Friday, February 4, 2011

Monumental Lighting #3- 212 W. Washington

This 1911 building has a lot in common with the one at 311 W. Washington.  Both were commissioned by the Chicago Telephone Company and both were designed in the historicist mode by their favorite architects, Holabird & Roche.  And of course, both have huge metal lanterns flanking their main entrance.  While 311 Washington was used for switchboards and mechanicals, this 20-story building was the administrative headquarters.  It has the same quasi-public feel that all of these phone company buildings assumed.

This view is a little narrower than I would have preferred (reference photo taken from the 12th floor of a nearby parking garage),but you can see that it's in keeping with the classic skyscraper formula of base, shaft and capital.  This has been somewhat obscured by hanging metal balconies along Washington, which accompanied the 1990s condo conversion.  It was a pleasure to eliminate these from the sketch.  Several of the lower floors were hollowed out to provide indoor parking, which they've made no attempt to hide.  It looks pretty odd from the street, although probably most people don't notice.
The main entrance to the building is indicated by these two story arched openings with decorative keystones.  Above are stone balconies hung with stone festoons.  The 3-story base is capped with a substantial projecting cornice.  The rusticated stone blocks really give the building a distinct identity.  The ornamentation is best described as a combination of Classical and Rennaissance Revival.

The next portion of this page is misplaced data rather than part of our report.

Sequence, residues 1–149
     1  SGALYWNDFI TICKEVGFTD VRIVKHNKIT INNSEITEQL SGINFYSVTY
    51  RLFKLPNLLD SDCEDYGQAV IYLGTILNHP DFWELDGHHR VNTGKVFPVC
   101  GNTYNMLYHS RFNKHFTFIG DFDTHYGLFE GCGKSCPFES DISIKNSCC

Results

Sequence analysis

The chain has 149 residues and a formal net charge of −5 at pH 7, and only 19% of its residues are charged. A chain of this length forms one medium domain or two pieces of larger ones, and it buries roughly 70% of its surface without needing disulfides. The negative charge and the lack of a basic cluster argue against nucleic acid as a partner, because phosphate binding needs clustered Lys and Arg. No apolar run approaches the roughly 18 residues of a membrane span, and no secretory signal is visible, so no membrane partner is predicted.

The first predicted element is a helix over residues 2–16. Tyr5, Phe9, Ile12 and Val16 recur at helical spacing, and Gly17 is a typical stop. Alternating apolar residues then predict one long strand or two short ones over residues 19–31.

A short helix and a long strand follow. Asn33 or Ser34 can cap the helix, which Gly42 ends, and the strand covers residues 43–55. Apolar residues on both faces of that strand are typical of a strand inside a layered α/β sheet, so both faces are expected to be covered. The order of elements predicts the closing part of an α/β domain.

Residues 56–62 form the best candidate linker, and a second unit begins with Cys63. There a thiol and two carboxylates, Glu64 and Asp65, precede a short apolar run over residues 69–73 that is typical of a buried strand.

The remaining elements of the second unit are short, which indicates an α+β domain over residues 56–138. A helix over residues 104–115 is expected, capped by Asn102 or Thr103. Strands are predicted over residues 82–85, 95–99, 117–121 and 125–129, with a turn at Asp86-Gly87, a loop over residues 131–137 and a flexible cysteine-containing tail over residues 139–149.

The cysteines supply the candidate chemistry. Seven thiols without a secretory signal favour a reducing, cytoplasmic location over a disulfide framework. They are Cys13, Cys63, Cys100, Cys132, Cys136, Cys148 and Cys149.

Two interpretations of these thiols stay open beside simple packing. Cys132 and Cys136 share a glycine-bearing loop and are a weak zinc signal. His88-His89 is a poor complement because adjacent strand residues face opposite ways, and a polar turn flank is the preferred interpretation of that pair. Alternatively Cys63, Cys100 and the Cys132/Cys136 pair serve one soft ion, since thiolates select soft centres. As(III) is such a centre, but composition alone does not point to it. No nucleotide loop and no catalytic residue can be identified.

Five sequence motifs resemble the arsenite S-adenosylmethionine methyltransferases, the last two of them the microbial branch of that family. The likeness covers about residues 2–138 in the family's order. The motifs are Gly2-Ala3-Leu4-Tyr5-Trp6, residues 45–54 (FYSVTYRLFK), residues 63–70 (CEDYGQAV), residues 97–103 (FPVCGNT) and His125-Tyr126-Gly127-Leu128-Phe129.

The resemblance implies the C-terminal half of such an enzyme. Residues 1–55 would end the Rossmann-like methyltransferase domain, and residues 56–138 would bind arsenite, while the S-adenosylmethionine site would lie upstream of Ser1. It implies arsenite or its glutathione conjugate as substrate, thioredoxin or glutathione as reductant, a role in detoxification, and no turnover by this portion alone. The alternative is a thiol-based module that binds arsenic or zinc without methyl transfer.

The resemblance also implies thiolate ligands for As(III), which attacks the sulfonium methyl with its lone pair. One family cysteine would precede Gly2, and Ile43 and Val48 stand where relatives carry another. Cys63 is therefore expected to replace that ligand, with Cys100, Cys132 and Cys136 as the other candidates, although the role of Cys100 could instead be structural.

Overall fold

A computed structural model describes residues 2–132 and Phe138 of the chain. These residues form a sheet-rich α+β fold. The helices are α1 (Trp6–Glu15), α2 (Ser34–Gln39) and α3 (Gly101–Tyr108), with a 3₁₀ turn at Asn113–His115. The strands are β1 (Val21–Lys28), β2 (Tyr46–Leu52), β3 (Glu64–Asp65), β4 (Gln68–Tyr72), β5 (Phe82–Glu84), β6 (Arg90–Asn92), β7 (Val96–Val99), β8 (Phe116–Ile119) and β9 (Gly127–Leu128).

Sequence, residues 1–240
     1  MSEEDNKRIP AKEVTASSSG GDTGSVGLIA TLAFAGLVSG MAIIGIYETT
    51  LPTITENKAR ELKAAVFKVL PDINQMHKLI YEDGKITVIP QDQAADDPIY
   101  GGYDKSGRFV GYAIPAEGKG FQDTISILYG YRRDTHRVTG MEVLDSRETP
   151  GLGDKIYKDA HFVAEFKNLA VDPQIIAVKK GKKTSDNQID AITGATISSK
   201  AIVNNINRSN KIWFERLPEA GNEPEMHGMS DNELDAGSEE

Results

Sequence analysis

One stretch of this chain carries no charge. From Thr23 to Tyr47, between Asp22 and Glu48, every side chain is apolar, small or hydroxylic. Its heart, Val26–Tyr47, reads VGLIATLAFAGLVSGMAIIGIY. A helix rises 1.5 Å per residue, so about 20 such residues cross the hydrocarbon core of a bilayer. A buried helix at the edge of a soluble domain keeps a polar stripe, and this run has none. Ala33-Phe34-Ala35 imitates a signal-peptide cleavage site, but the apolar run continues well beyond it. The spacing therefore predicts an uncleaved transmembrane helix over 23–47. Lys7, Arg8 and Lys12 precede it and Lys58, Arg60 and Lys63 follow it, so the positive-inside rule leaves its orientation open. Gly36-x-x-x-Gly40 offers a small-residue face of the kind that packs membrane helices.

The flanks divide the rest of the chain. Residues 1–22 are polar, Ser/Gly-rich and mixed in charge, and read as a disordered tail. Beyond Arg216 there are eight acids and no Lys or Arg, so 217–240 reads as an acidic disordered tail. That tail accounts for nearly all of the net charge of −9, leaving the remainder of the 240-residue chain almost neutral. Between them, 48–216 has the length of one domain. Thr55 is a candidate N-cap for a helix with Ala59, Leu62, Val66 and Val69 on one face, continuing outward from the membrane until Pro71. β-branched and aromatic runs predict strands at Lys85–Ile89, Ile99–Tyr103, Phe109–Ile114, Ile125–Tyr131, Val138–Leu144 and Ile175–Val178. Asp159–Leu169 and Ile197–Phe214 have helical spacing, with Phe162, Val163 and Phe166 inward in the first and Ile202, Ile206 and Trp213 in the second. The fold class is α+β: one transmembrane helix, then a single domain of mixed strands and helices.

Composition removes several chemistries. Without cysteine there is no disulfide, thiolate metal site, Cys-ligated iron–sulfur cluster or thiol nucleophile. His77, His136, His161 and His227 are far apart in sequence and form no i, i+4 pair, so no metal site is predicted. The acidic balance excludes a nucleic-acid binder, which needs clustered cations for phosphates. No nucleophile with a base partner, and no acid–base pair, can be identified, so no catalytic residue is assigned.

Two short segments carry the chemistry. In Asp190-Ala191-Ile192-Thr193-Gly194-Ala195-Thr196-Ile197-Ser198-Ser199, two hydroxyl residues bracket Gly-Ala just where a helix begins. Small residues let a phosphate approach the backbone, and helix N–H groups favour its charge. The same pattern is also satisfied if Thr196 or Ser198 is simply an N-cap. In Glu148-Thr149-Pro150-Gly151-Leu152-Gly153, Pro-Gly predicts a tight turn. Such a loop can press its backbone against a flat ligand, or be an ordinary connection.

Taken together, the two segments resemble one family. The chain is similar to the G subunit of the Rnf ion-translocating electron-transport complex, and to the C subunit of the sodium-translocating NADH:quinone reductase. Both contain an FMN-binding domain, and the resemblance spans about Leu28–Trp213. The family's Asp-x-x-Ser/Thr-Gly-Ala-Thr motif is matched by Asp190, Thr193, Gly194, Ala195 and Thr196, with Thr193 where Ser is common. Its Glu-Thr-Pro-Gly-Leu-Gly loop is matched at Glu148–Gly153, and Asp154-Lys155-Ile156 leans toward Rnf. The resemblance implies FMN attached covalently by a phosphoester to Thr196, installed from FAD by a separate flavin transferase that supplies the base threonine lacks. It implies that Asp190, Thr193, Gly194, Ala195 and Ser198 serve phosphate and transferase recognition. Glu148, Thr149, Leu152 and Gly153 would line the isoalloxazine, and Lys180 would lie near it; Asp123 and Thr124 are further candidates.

Looking at this drawing I realize how much I've let this project get out of hand.  My first intention was just to focus on the decorative entrance lanterns in the Loop.  Then I thought, "Wouldn't it be nice if a reader could place these in context with the rest of the building?"  So I decided to include a couple of rough sketches.  This rough sketch took a week and a half to finish.

Of course the whole point was to look at the lanterns, and these are particularly good ones, weathered to a noble green patina.  Leave it to Holabird & Roche to get the details right, from the dome decorated with a leaf pattern (similar to the keystone design) to the acanthus patterns and scrollwork.  And the brackets that support the lights are works of art in themselves.  I'm also impressed that they accomodated the lantern attachment by eliminating a portion of the rustication to create a unbroken area of flat stone.  It also points out how artificial (a modernist might say unnecessary) the ornamental scheme is to the structure of the building. 

I think this will be the last entry in this series.  I have reference photos for one more building (on Washington, of course), but it's probably time to move on to some other things.

No comments:

Post a Comment